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13 March 1997 Edition

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The deadly chemistry set

Studies show that chemicals in the environment are causing disease and death. It is too high a price to pay for inward investment, argues Robert Allen


In July 1991, 21 scientists, led by zoologist Dr Theo Colborn of the World Wide Fund, got together at Wingspread, Wisconsin in the USA to discuss how the manmade chemical compounds we know as pesticides and industrial chemicals affect sexual development in wildlife and humans.

Dr Colborn and her colleagues agreed that when these chemicals enter the body, largely though the food chain, they mimic hormones, specifically the body's natural sex hormones. This, many scientists now believe, is the cause of the 50% drop in the male sperm count since 1940, the two-fold increase in breast cancer since 1960, the three-fold increase in testicular cancer and two-fold increase in prostate cancer since the 1940s, the phenomenal rise in endometriosis (a disease virtually unknown outside the 20th century) which now affects five million American women, and the increasing number of children born with abnormalities. And this is only one bunch of scientists out of a Christy Moore sized audience of them who have been saying that chemical pollution is responsible for a range of illnesses from asthma to cancer. (For more on Colborn's gathering of the scientists, see Our Stolen Future, published last month.)

But we don't need science to tell us that toxic pollution is harming the planet's ecosystem, altering the climate and gradually poisoning us. We can talk to the communities which live amidst our chemical industry or listen to the lamentable stories young mothers tell their friends of their children's respiratory problems or hear farmers moan about the crazy weather or refer to the statistics which show 20,000 deaths annually from exposure to pesticides and three million cases of acute poisonings.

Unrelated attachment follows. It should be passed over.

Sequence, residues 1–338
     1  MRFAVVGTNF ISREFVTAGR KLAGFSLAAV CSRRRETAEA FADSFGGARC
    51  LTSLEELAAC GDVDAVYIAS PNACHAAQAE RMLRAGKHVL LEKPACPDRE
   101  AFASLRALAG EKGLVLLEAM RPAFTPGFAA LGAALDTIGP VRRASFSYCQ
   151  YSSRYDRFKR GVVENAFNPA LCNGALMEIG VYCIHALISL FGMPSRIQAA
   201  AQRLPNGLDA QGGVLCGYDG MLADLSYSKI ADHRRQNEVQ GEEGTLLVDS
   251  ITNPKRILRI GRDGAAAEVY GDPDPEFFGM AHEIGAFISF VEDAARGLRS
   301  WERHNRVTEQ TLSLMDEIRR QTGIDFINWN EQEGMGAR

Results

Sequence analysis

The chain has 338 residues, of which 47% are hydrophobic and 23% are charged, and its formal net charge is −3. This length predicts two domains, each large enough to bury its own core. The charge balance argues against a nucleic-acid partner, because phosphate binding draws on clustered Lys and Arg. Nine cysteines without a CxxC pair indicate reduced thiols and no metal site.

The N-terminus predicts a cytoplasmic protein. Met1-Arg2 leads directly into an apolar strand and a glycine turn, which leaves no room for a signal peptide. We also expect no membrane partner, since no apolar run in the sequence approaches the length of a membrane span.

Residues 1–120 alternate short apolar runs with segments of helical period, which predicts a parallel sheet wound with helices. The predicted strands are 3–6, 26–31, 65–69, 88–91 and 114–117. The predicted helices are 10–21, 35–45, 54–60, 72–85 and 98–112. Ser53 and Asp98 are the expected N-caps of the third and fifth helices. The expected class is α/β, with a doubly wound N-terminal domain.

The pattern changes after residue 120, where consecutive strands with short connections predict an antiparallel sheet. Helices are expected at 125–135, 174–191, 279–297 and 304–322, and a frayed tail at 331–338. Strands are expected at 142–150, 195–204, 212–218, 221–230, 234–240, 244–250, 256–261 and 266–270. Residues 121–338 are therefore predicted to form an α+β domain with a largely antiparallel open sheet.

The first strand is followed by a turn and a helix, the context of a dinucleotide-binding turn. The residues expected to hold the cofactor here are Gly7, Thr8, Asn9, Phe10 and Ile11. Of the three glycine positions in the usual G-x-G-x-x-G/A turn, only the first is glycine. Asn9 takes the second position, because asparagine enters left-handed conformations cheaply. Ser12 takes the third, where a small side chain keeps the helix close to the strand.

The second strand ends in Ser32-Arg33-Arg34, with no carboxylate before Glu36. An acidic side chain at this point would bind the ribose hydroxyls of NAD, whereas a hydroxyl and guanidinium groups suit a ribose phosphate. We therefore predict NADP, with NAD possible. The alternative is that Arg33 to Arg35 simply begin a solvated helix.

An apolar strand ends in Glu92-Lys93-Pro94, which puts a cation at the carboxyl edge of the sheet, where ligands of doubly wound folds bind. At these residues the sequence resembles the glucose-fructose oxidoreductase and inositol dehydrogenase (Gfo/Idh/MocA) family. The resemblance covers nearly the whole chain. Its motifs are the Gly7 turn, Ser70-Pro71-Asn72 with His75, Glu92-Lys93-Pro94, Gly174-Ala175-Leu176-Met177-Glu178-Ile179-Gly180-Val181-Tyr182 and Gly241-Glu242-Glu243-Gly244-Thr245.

Until US chemical giant Merrell Dow decided not to locate a pharmaceutical factory in the pastoral heartland of east Cork in the late eighties, the anti-pollution/pro-ecology/pro-non-exploitative indigenous industry debate in Ireland had been filed under subversives, cranks, greens, communists, anarchists, dreamers and dodgy republican farmers.

Merrell Dow's decision was regarded as an expedient business consequence. The sensible people in Cork knew better. Merrell Dow's failure to locate in a high food-producing region was an Irish watershed for social resistance to the US-dominated toxic industry and the 26 County state would not be allowed to forget it.

Not that they would have forgotten. Some time ago in conversation with the environmental director of one of our industry federations the subject of Ireland as an post-industrial, post-modern, semi-colonial state came up. I made a remark about environmental standards and enforcement and he replied: ``Do we want to be organic farmers or waitresses or do we want to get on with it?''

The problem is: What is it?

Before you tell me I'd like to venture a few suggestions.

It is encouraging foreign investment from the chemical industry so that a minority of Irish people can enjoy a higher standard and quality of living.
It is encouraging this industry to set its own agenda to the detriment of the wellbeing of every person living in the 32 Counties.
It is ignoring the environmental damage this particular industry has done and is doing to this country.
It is dismissing those who believe that this industry is not only a law unto itself but is belligerent in the face of criticism, ignorant of scientific studies which show conclusively that there is a problem with man-made chemical compounds, arrogant to the point that you get the impression that only what they say is true, that everyone else is talking nonsense.
Although there is a forty-tonner load of contemporary studies out there about pollution and health, the precise effect of pollution on human health is a contentious issue despite evidence that virtually every species on the planet is in danger of extinction.

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